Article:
Credits

2 Credits

Course Duration

6 Months

Professor

Richard E. Averbeck, Ph.D. and James Grier, Th.D.

Syllabus

Course Description

What is spirituality? How is it formed in private and in community? This course explores the meaning of Biblical Christianity and its relation to faith and practice within contemporary cultural contexts, giving special attention to the corporate dimensions of spirituality and spiritual formation as defined in the New Testament. The lectures analyze and discuss those historical and cultural factors that have led to the privatization of Christianity, and develop a paradigm of spiritual growth and maturity that focuses on the assembly rather than the individual.

Credits

3 Credits

Course Duration

6 Months

Professor

John R. Lillis, Ph.D.

Syllabus

Course Description

With the contemporary interest in spirituality, it is imperative that the Church establish a comprehensive theology of Christian spirituality that can inform the life and witness of Christian believers. This course presents such a theology of spirituality: a theology that is biblical, practical, and contemporary, accounting for and enabling spiritual formation and nurture in a post-modern, pluralistic, materialistic society. In addition, the course provides a theological foundation for a life of prayer that will empower and sustain the believer in life and ministry.

Credits

3 Credits

Course Duration

6 Months

Professor

Gordon T. Smith, Ph.D.

Syllabus

Course Description

For good or for bad, philosophy has played a pivotal role in the development of theology and culture. In this course, learners examine the major trends in contemporary theological thought in light of their philosophical contexts. The course begins with a review of the major developments in Western thought prior to Hegel, and then explores the theologies of Hegel, Kierkegaard, Barth, Bultmann, and Tillich. The course culminates in the “Death of God” theologies of Paul Van Buren and Thomas Altizer. The course enables learners to evaluate contemporary, non-evangelical theologies and to recognize their impact on everyday life.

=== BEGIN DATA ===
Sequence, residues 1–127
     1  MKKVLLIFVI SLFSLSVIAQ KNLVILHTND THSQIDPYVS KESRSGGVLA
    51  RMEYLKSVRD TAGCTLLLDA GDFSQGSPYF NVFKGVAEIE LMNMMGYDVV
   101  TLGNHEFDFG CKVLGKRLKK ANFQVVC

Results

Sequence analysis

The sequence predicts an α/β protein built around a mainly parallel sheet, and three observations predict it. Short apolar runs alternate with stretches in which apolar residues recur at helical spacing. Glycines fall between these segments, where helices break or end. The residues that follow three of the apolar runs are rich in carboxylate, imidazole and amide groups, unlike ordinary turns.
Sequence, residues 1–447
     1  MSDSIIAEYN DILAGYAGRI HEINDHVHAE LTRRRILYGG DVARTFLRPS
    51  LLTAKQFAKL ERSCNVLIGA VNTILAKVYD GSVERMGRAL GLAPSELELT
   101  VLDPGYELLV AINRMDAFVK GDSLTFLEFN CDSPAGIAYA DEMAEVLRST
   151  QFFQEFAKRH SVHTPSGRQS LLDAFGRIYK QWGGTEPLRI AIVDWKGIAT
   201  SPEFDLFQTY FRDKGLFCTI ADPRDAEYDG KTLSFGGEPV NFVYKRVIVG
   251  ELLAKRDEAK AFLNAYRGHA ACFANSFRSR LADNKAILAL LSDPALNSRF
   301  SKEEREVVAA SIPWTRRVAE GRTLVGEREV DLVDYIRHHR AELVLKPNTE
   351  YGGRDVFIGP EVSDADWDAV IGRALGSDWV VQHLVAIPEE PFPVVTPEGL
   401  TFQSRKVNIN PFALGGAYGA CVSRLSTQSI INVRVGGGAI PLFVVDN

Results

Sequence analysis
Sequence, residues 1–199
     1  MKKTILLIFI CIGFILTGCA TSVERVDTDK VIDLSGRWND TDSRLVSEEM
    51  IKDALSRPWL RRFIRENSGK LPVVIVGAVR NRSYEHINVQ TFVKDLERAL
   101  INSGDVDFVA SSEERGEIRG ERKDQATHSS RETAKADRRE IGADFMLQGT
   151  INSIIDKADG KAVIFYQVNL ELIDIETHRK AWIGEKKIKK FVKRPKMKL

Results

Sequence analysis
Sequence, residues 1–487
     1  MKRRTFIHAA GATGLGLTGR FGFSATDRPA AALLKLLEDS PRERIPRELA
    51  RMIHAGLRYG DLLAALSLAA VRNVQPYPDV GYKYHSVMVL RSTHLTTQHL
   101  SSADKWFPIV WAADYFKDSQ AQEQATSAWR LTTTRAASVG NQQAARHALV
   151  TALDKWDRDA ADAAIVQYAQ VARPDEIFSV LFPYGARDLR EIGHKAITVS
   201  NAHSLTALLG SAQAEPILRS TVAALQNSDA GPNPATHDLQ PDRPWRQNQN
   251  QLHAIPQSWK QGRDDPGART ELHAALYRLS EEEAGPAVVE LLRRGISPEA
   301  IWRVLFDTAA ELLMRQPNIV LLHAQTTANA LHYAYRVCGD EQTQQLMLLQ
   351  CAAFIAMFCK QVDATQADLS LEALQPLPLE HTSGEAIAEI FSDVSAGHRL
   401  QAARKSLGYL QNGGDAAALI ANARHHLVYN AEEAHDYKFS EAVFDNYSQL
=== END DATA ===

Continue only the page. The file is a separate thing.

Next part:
Credits

3 Credits

Course Duration

6 Months

Professor

John S. Feinberg, Ph.D.

Syllabus

Course Description

As ambassadors for Christ and the Gospel, we must understand the true nature of man and the magnitude of his sin. This course presents a critical and historical overview of positions regarding the nature of mankind: both as the image of God and as corrupted by sin. The course presents a distinct Reformed anthropology coupled with a fair treatment of differing views and objections. Important and controversial questions regarding the origin of evil, the nature of man, and the effects of sin on humanity are all considered, allowing students to draw informed conclusions on these and other key issues.

Credits

3 Credits

Course Duration

6 Months

Professor

Roger R. Nicole, Ph.D., Th.D.

Syllabus

Course Description